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Affordable Care Act in the Virgin Islands – One Year Later

As the United States celebrates the first anniversary of the signing of the Affordable Care Act (ACA) on March 23, many people are wondering what tangible changes have transpired during the last 12 months that improve the Virgin Island’s health care system.

Like many areas under the US flag, VI government officials have been scrambling to ready the VI for implementation of the new law. This work has included the development of a Health Reform Task Force headed by Lt. Governor Gregory Francis; and the development of a Health Information Technology Task Force under the Department of Health headed by Kai Hendricks.

Both teams involved in this huge undertaking include members from the Health Department, the Department of Human Services, the Division of Banking and Insurance, and interested stakeholders, like AARP.

AARP VI has focused its energies on two specific tasks:

  • Monitoring the work government agencies are doing to put the law into practice
  • Educating our members on the provisions that will help them

“We want all Virgin Islanders to understand how to make the best health care decisions for themselves and their loved ones,” stated Denyce Singleton, AARP VI Senior State Director.

The ACA now stops health insurance companies from denying coverage to people with pre-existing medical conditions and stops them from canceling coverage if you get sick. It also puts an end to annual and lifetime limits on what an insurer will cover. Furthermore, as a protection for older people, the new law cracks down on age bias by limiting what insurance companies can charge older Virgin Islanders compared to younger people seeking the same health care coverage.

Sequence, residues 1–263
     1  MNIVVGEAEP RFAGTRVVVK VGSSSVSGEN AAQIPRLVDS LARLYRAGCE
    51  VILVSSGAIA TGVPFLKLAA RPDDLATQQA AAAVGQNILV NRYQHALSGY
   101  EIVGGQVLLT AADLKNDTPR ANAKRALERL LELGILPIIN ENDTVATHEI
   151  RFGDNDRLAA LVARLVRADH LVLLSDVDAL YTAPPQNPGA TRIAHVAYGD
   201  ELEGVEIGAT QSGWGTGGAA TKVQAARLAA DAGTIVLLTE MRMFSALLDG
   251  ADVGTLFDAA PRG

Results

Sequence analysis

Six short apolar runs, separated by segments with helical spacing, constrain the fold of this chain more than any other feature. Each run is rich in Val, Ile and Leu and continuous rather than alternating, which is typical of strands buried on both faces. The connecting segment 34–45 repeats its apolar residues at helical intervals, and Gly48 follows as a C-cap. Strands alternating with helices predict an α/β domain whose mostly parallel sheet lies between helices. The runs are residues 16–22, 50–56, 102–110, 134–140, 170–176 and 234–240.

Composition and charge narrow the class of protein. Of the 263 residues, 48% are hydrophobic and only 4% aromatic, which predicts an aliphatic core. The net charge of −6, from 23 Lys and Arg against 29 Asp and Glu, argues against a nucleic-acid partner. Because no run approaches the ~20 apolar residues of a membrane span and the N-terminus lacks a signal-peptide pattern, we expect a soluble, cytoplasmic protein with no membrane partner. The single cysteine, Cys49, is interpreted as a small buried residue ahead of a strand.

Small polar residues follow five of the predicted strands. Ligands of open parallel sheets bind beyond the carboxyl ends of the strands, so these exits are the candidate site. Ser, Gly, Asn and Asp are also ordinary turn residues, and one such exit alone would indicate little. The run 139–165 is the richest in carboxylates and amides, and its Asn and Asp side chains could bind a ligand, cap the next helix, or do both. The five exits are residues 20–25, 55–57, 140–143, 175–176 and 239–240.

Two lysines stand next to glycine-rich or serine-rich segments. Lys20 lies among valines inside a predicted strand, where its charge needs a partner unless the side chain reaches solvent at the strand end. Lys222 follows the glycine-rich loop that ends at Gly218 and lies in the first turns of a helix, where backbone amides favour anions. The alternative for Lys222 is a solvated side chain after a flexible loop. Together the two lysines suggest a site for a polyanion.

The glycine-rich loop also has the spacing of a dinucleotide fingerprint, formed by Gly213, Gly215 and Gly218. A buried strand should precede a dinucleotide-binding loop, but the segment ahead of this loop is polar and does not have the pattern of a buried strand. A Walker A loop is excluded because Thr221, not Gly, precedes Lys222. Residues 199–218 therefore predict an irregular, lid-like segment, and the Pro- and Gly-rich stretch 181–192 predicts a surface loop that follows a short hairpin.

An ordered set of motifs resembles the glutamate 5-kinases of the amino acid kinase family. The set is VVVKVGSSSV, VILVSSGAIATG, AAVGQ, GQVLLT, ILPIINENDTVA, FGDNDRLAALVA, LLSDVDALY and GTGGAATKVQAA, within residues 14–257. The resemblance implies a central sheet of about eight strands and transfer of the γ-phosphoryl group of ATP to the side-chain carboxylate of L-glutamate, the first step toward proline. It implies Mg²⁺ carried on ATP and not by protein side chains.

Perhaps one of the best benefits for Virgin Islands seniors involves the free preventive care screenings that Medicare is required to provide to beneficiaries. This means that there is no longer a co-pay for these services which include colonoscopies and mammograms. These services help catch health problems before they become more serious.

The changes involving Medicare Part D are also significant.

In 2010, over 3.8 million people who had drug expenses that placed them in the Medicare coverage gap, also known as the “doughnut hole” received a one-time $250 rebate check. This year (2011) those falling into the doughnut hole will benefit from a 50 percent discount on brand name prescription drugs.

According to the U.S. Department of Health and Human Services and based on data from just Jan. 1 to Feb. 28 of this year, nearly 48,000 people on Medicare who had already hit the doughnut hole reduced their out-of-pocket costs by $38-million – an average savings of nearly $800 per person.

In addition to the benefits being experienced by seniors, the new law also helps younger Virgin Islanders because it allows young adults to stay on their parents’ health insurance plan until age 26.

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